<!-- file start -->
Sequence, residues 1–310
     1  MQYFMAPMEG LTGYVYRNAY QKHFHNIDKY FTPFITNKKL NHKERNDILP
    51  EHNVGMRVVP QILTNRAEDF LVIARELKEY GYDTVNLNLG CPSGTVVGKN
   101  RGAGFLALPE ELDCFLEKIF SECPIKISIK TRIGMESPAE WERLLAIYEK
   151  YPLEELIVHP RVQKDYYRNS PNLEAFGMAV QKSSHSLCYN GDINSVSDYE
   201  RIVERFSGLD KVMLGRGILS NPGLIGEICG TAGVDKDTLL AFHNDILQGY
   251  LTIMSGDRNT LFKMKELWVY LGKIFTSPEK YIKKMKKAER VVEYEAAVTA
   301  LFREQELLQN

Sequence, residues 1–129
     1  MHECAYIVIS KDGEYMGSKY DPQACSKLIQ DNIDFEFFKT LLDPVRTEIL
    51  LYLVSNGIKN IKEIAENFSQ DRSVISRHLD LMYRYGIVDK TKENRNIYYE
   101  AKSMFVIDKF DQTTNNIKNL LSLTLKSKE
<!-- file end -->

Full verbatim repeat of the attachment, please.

Sequence, residues 1–310
     1  MQYFMAPMEG LTGYVYRNAY QKHFHNIDKY FTPFITNKKL NHKERNDILP
    51  EHNVGMRVVP QILTNRAEDF LVIARELKEY GYDTVNLNLG CPSGTVVGKN
   101  RGAGFLALPE ELDCFLEKIF SECPIKISIK TRIGMESPAE WERLLAIYEK
   151  YPLEELIVHP RVQKDYYRNS PNLEAFGMAV QKSSHSLCYN GDINSVSDYE
   201  RIVERFSGLD KVMLGRGILS NPGLIGEICG TAGVDKDTLL AFHNDILQGY
   251  LTIMSGDRNT LFKMKELWVY LGKIFTSPEK YIKKMKKAER VVEYEAAVTA
   301  LFREQELLQN

Sequence, residues 1–129
     1  MHECAYIVIS KDGEYMGSKY DPQACSKLIQ DNIDFEFFKT LLDPVRTEIL
    51  LYLVSNGIKN IKEIAENFSQ DRSVISRHLD LMYRYGIVDK TKENRNIYYE
   101  AKSMFVIDKF DQTTNNIKNL LSLTLKSKE